Law professor and attorney collaborate on Guidebook to Michigan Taxes

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By Cynthia Price
Legal News

WMU-Cooley Law School Professor Marjorie Gell and Wayne Roberts of Varnum have been invited back for the seventh time to edit the national Guidebook to Michigan Taxes.

Not only is this an honor due to the prestige of the publisher, CCH Wolters Kluwer, and its widespread use among practitioners, but it is also a sign of how well the two collaborate
“I can’t say enough good things about Wayne,” Gell says. “We’ve collaborated for many years, and we know each other so well that we work very well together.”

The admiration is mutual. “We’ve been friends since 2005,” Roberts says. “Even though we collaborate with the CCH in-house people as well, it really comes down to the two of us, and I really think the book benefits from our good working relationship.”

Gell and Roberts originally met while at a boutique tax firm in Detroit, Raymond and Prokop, which disbanded. They originally collaborated on a book about the Michigan Business Tax (Practical Guide to the Michigan Business Tax, 2010.) “That was selling well, but then Gov. Snyder said, ‘We’re going to repeal the MBT,’ and it became a collector’s edition,” says Roberts with a smile.

So in 2012, the two moved on to editing, researching, and writing the more comprehensive guidebook, which the CCH website says is now in its 48th edition.

The purpose of the book is to offer accounting professionals a general picture of the “impact and pattern” of Michigan taxes and provide a readable summary of the landscape of Michigan tax law, what Roberts calls a “first-look reference.”

He adds, “This book is comprehensive, but everyone worked to make it very easy to use.”

The guidebook summarizes the findings in significant court cases and administrative rulings, and offers a comparative analysis of the differences between Michigan and federal law. It also covers the general property tax levied by local governments.

Both say that the prestige of the publisher, formerly just CCH for Commerce Clearing House, is part of what makes the time they spend each year on the guidebook worthwhile. Because CCH is the go-to resource for practitioners in the accounting field (and several others), they know it will be distributed widely enough to help the practitioners it is designed to serve.

“These are on the desks of the in-house accountant and lawyer in large and small companies, and also on the shelf of CPA firms,” Roberts says. “These are on everybody’s shelf. It’s a lot of work if you’re not certain that it’s going to be used, and that’s one of the reasons we started working with CCH, because it was so established.”

“Being asked to keep editing this is gratifying,” Gell comments. “The publisher has a lot of credibility.”

After Raymond and Prokop, Roberts’ and Gell’s careers diverged.

Gell joined the faculty of Western Michigan University-Thomas M. Cooley Law School ten years ago, after working as an adjunct professor for about a year. She has a B.A. from the University of Michigan, and both a Juris Doctor degree and an LL.M. in Taxation from Wayne State University Law School.

She teaches a variety of courses in taxation law, as well as on wills, estates, and trusts. “Wills are not my primary expertise, and though I  teach federal income tax, I would say my real expertise is in state and local tax,” she says.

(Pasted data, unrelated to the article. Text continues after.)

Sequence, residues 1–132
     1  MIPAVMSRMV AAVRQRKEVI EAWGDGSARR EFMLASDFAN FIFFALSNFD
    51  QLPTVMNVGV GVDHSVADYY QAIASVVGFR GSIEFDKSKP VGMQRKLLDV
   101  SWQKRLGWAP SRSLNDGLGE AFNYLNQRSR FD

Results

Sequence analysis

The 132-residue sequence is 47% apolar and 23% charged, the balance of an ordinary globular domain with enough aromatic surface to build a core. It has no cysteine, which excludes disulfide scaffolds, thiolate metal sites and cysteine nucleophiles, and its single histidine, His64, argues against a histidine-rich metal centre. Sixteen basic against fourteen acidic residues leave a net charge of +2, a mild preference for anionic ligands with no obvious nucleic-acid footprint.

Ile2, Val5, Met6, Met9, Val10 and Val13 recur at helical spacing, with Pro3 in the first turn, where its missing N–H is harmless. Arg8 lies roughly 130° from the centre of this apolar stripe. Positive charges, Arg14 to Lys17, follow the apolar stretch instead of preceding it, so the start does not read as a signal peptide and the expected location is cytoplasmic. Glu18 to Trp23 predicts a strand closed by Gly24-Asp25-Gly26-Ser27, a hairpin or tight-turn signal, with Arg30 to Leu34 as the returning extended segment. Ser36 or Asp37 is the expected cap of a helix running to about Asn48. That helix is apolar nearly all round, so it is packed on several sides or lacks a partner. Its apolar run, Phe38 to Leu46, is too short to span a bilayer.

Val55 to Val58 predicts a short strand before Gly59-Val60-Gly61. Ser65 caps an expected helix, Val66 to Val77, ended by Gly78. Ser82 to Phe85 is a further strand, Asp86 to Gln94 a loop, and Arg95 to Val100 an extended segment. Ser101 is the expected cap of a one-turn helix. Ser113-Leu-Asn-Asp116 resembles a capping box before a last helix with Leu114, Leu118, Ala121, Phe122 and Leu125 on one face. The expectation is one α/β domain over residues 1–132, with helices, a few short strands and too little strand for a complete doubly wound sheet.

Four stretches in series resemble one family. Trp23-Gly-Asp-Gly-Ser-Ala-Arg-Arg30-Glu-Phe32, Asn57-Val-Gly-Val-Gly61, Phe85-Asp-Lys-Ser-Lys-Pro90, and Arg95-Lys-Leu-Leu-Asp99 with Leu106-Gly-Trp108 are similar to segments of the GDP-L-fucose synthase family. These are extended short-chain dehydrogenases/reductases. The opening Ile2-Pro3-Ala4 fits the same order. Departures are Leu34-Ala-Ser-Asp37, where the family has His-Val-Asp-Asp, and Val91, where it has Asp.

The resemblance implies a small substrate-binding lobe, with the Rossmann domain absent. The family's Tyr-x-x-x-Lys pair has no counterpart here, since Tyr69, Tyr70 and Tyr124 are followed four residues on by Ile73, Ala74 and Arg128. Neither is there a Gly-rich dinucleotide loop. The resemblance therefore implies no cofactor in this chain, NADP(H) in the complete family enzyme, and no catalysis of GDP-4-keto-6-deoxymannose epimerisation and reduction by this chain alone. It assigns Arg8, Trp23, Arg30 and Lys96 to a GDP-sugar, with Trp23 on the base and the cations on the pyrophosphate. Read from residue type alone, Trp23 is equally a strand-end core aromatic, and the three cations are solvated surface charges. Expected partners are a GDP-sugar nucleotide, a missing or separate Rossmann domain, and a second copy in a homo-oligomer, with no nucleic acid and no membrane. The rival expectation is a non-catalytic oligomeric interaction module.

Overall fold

The founder of the Michigan Women's Tax Association, Gell has served the community in a variety of ways, including on the Grand Rapids Arts Council and Grand Rapids Chamber of Commerce Tax and Regulatory Policy Committee. She also  writes extensively on many topics, including collaborating with Roberts on “Rebirth of the Michigan Corporate Income Tax” in Tax Notes 1/13/2011.

Though Roberts has also been an adjunct professor at WMU-Cooley, as well as at Walsh College, he has remained in the private sector.

After receiving his B.S. in Accountancy summa cum laude from Western Michigan University and his M.S. in Taxation with distinction from Grand Valley State University, Roberts had a six-year career as an accountant. He worked for such firms as Ernst and Young in Columbus, Ohio, and BDO Seidman in Grand Rapids, before attending The Ohio State University Moritz College of Law for his J.D.

Before joining Varnum in 2015, he practiced for almost ten years at Dykema Gossett’s Grand Rapids office. He too enjoys giving back to the community, and just last week volunteered with the Homelessness Prevention Program in Detroit helping people avoid tax foreclosures.

Roberts has been named a Best Lawyers in America® Lawyer of the Year for Grand Rapids in 2014 and 2017, the first in Tax Law and the latter for Litigation and Controversy-Tax and Tax Law. He is also a fellow of the State Bar Foundation and was awarded the L. Hart Wright Service Award in 2015 State Bar of Michigan (SBM) Taxation Section.

Gell and Roberts also share in having both chaired that SBM section. When Gell took over after Roberts had served, she put together a past-chairs advisory board in part to take advantage of his experience. “He just has a really good sense of how to proceed, a good political sense,” Gell says.

In such work, they join what Gell calls “a pretty tight-knit group of tax lawyers in the state,” but even within those parameters, their collaboration stands out as enjoyable and productive.
 

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